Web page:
Oakville Real Estate News

Downsizing Do’s And Don’ts


Blog by Joette Fielding | June 13th, 2013


I know, you don’t believe there is such a thing, and between young people not saving and the government raising theDownsizing Do's And Don'ts retirement age, it’s seems so distant as to be an impossibility.

But it might happen. We all have to hope we get some leisure years, and having property is a big part of that plan.

Almost everyone considers downsizing at some point. For some, it is after the children leave the nest and they wander endlessly through empty bedrooms. For others, the thoughts of downsizing come when yard maintenance and upkeep become too much effort.

Whatever your reason, saving on space can certainly be sensible in terms of capitalizing on your existing property investment and downsizing clutter after decades of buying sprees and holiday souvenirs.

But there are some pitfalls to avoid, so you can rest easy in your retirement.

1. Don’t downsize too much. When buying a new property, it is best to keep your options open for the future sale, if not during your lifetime then perhaps for your children when you’re gone. A property suitable to you in your twilight years might not necessarily sell quickly to a younger buyer down the line.
So aim for ‘modest’ in size because you don’t want to feel cramped after maybe living in a large, family home. Also ‘modest’ size properties typically sell faster than ‘tiny’ sized ones.

2. Don’t go bigger than you need. By contrast to downsizing too much, you can also not downsize enough. You can imagine the kids and grandkids will visit all you want, but don’t go for a home that’s bigger than you need, simply to accommodate potential visitors. One spare room and a fold-out sofa could probably adapt to most needs and will still keep your home manageable. The same goes for lot sizes. Take into consideration how much yard maintenance you will be able to do as you advance in years and what the costs will be if you have to hire someone to mow the grass and weed the garden.

3. Location. Planning for a quiet life outside the city might make sense on one hand, but it puts you further from essential services when you’re older and usually further from public transport if you’re unable to drive because of your health. The location considerations you had as a family or when you were younger may not be the same as you get older. Where ever you choose as a location, make sure you plan ahead so your future needs are met.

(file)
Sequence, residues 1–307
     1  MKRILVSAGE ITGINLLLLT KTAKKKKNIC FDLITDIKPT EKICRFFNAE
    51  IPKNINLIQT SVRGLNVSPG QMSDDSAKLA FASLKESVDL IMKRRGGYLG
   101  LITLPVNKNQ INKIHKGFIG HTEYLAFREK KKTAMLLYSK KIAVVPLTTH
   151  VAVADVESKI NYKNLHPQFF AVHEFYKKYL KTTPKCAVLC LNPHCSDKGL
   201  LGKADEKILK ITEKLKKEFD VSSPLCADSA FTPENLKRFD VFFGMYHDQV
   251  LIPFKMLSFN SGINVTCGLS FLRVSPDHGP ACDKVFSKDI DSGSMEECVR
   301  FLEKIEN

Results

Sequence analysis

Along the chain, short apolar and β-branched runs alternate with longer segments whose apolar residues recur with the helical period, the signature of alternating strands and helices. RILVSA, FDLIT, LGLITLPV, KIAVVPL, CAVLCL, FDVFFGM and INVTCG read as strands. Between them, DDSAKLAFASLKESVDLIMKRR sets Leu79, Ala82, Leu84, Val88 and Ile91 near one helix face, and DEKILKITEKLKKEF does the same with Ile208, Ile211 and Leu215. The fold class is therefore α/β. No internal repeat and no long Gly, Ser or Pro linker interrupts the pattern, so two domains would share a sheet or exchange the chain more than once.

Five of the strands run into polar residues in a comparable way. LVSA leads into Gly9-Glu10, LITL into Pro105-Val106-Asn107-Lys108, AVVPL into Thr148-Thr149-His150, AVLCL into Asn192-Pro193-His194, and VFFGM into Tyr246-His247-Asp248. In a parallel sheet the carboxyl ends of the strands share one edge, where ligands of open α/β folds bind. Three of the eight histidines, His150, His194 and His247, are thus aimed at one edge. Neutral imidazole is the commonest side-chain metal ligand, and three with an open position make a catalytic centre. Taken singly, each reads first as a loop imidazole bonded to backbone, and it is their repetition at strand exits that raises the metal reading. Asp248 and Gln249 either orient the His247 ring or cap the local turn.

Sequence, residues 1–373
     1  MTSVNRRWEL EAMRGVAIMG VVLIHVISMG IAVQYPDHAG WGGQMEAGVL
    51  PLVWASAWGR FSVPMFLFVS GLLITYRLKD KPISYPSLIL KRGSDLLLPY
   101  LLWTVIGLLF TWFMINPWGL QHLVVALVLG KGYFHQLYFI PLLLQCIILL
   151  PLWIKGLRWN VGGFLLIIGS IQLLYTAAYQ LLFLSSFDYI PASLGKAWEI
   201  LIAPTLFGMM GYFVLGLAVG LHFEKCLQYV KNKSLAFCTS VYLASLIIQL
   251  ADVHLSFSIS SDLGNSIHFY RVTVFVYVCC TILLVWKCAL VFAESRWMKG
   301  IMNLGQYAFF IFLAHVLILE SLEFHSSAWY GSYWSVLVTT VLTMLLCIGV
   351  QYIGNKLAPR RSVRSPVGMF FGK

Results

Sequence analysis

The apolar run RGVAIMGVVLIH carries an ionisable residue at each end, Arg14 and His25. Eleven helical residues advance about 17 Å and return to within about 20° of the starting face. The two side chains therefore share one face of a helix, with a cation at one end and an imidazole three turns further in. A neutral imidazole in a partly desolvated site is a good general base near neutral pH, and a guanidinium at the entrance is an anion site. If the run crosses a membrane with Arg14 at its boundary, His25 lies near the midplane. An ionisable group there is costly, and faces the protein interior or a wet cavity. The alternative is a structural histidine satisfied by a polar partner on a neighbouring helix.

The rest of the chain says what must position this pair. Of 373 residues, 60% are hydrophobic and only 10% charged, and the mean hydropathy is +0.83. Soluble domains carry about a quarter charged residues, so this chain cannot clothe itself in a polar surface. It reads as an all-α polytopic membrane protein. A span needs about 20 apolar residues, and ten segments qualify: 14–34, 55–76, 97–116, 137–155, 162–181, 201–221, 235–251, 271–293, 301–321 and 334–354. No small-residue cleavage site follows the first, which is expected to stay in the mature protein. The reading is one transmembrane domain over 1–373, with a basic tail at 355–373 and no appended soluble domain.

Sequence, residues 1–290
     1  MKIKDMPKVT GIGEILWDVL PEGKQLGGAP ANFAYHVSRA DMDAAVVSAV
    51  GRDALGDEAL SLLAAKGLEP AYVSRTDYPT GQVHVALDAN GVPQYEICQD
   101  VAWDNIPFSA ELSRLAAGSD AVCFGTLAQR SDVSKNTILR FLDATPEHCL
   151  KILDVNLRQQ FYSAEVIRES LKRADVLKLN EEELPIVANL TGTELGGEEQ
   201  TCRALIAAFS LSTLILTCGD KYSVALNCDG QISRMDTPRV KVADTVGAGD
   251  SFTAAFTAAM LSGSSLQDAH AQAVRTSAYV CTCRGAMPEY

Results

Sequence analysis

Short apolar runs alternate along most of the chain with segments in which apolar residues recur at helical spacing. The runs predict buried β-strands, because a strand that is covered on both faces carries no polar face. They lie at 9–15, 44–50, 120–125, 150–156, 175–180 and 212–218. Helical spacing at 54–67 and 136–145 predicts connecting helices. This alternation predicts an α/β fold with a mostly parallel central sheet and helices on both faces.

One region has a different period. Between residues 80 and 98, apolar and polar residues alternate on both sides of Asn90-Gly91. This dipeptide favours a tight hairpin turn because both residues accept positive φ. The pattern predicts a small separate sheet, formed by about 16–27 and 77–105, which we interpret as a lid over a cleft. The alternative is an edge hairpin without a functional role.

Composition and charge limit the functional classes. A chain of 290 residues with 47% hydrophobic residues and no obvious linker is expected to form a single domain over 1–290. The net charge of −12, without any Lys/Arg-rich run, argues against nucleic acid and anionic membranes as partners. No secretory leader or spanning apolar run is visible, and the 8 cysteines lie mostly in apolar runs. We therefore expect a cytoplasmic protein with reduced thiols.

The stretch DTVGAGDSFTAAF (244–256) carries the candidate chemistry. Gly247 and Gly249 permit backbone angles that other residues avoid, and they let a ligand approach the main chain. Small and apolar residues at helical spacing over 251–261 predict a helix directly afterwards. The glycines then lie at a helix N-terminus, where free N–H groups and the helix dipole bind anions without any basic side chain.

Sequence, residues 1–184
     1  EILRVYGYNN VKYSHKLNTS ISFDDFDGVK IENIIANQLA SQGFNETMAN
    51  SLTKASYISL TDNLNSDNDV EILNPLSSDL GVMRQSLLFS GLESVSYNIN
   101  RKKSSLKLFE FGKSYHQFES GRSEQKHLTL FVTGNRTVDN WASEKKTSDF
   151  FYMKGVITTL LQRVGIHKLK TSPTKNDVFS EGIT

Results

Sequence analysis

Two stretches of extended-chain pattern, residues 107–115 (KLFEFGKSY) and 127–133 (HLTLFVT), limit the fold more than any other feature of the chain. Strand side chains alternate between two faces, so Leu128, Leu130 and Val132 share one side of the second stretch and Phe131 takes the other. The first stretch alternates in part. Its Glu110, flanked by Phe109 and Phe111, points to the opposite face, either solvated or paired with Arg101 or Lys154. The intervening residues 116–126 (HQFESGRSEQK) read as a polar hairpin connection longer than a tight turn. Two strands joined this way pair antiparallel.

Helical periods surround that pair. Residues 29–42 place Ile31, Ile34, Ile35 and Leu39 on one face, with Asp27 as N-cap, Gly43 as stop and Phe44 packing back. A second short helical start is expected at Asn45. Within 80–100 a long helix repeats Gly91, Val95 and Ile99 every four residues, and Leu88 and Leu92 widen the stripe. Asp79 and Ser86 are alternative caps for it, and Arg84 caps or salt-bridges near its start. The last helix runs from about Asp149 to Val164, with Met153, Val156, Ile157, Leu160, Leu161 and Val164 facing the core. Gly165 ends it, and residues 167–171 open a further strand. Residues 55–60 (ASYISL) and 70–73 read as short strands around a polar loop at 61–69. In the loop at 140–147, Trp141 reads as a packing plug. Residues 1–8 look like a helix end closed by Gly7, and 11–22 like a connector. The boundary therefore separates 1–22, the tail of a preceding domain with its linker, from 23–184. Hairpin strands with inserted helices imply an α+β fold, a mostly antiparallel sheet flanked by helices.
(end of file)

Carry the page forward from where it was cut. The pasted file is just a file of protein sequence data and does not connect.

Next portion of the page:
4. Money-in/Money-out. With income reduced to your pension and other investments, you may have to adjust to a more modest lifestyle. A smaller home will cost you less, but there may be other costs you need to factor in. Are you overestimating the worth of the home you’re selling? What will the sale price buy you for a retirement home? Get a complete list of what you need to consider, and weigh it up against your income to get a balance that you’ll be happy with.

Memories. The special moments of your life are filling the corners of your home. We’re pack rats. Even in the digital age, we have photos coming out of the digital wazzoo. But you’ll also have books, CDs, DVDs, furniture, and who knows what else, depending on the size of your family and the length of time at your current home. That’s a lot to get rid of, or somehow accommodate in a smaller home. Think about what you really want to keep and don’t make the mistake of trying to hoard it all into what’s supposed to be a smaller space.

Planning to downsize for your retirement can start early, and many people will save up beyond pension considerations and sale of their current home. Certainly a real estate agent and investment advisor can help with the factors you need to consider, but ultimately it will come down to how you want to enjoy your later years, and what you want to do with them. Even in old age, we can still be practical.

 

Content courtesy of http://www.homes-extra.ca


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